The intense guilt that comes after sin has its own interesting methods of creeping into our minds, crippling our confidence, our thinking, and possibly everything else. In my particular case I recall that every time I sin, the memory of one particular scene in the movie 'Gladiator' comes up: that's the scene of the late actor who played Marcus Aurelius, saying a hard line to Commodus, played by Joaquin Phoenix:

“You will not be emperor.”

This line scares me in the sense that it takes away hope that things in the immediate and far future would be good; it takes away any hope that any endeavors in the future would be prosperous. In the movie, Commodus pleaded desperately despite his standing in his father's eyes, and got no sympathy that brought him back to consideration to be an heir to the throne of emperor. He took things into his own hands, killing his father, setting him off in a series of events involving jealousy and revenge, ultimately leading to his own notorious demise.

(Jb, thank you so much for ruining any of my hopes to watch that awesome movie. You already spoiled Saving Private Ryan for us. What do you have to say about that?)

Nothing, beyond my point: sin, in any form, in any 'degree', is sin. There is no such thing as a sin for the greater good, nor is there a difference between a little white lie and a false executive report of nuclear weapons present in a remote desert area or in a secluded tropical island. A lie is a lie as sin is sin, and it has its consequences – though some consequences may be less harmful to our physical bodies, they definitely have their toll on our spiritual life.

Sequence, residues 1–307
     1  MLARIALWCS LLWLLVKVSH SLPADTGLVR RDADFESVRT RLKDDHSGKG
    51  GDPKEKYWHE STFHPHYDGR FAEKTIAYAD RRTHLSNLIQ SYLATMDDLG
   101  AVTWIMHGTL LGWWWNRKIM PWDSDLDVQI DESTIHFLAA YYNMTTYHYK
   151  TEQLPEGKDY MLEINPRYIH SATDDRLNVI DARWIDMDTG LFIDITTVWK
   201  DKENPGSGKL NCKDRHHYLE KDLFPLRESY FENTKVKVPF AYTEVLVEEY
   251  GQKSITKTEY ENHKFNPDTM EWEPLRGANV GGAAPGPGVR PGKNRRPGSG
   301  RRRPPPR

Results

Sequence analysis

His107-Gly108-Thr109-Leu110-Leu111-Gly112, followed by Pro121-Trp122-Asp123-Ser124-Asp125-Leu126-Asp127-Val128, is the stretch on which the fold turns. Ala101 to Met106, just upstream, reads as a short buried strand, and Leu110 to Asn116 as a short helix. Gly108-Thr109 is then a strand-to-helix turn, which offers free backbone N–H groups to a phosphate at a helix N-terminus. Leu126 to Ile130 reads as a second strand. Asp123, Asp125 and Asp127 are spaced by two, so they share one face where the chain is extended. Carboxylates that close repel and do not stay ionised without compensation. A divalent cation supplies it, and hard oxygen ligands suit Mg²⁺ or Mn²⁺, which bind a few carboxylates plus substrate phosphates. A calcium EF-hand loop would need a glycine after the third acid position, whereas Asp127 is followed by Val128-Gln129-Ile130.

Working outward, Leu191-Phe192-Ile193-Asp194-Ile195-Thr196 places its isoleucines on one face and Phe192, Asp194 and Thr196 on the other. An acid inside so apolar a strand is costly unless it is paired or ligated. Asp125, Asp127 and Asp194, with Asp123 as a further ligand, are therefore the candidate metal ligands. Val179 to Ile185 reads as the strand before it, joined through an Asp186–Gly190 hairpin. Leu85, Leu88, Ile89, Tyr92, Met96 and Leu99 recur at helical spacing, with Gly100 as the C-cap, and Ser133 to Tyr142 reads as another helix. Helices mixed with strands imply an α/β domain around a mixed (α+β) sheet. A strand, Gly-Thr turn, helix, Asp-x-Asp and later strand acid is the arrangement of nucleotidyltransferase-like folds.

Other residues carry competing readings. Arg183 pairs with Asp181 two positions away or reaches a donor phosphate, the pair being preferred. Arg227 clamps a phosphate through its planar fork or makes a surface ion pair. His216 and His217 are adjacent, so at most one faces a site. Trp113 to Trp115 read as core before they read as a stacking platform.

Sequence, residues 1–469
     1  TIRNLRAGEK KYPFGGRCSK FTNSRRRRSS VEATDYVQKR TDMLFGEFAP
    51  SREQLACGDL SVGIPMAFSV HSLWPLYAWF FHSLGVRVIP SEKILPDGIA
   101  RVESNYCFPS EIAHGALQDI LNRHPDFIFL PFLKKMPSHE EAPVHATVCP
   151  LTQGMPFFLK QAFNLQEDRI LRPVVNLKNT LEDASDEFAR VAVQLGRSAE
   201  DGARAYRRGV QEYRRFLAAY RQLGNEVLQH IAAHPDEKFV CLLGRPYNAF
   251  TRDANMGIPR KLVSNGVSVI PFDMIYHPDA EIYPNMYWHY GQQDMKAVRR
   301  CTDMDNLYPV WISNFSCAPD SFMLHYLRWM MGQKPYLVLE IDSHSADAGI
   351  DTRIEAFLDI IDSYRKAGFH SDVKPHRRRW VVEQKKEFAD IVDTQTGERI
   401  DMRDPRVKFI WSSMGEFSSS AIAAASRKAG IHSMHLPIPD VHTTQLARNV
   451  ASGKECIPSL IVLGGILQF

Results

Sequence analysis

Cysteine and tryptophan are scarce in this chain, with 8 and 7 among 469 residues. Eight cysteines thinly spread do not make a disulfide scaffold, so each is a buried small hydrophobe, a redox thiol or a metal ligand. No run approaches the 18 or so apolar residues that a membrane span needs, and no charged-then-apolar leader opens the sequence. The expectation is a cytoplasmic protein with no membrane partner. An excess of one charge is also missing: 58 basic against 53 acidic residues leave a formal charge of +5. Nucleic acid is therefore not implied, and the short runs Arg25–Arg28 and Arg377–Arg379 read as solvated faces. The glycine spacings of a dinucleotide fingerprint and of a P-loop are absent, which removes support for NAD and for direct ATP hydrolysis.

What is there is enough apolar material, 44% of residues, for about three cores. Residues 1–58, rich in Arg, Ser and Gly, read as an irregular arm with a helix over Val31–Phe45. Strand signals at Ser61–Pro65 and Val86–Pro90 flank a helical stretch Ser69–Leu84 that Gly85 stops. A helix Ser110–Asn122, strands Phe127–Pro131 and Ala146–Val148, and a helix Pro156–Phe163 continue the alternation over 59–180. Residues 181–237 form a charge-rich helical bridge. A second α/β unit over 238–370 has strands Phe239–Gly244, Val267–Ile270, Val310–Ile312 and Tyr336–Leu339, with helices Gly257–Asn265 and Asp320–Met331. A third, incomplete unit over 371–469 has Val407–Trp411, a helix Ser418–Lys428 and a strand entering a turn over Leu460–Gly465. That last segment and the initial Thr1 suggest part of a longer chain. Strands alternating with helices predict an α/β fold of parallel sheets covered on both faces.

My friends, stay away from sin. Stay away from disobeying the Lord. Sin brings us a step further from the Lord's presence and a step closer into harm and vulnerability. Sin creates an opening for the enemy to take advantage of. As believers, we need to always strive towards the goal of Christ, not tarrying along the way but ensuring that our time here on earth is spent in obedience, according to His will.

If we fall, and we will fall because of our physical bodies wired to the world, there's no other way to go but back up. We need to claim the promises of God in His Word: again, 1 John 1:9 says that if we confess our sins to God, He will forgive us and cleanse us of all unrighteousness.

It doesn't stop at merely receiving forgiveness. If we really are to take this seriously, and if we truly have received forgiveness, we are therefore strengthened and empowered by Christ to 'go, and sin no more.' (John 8:11)

What a great God we serve.

If Commodus knew the Bible, he knew that he had authority bigger than what was denied of him.

Then again, history is history.

To God be all the glory.

Sent from my iPhone

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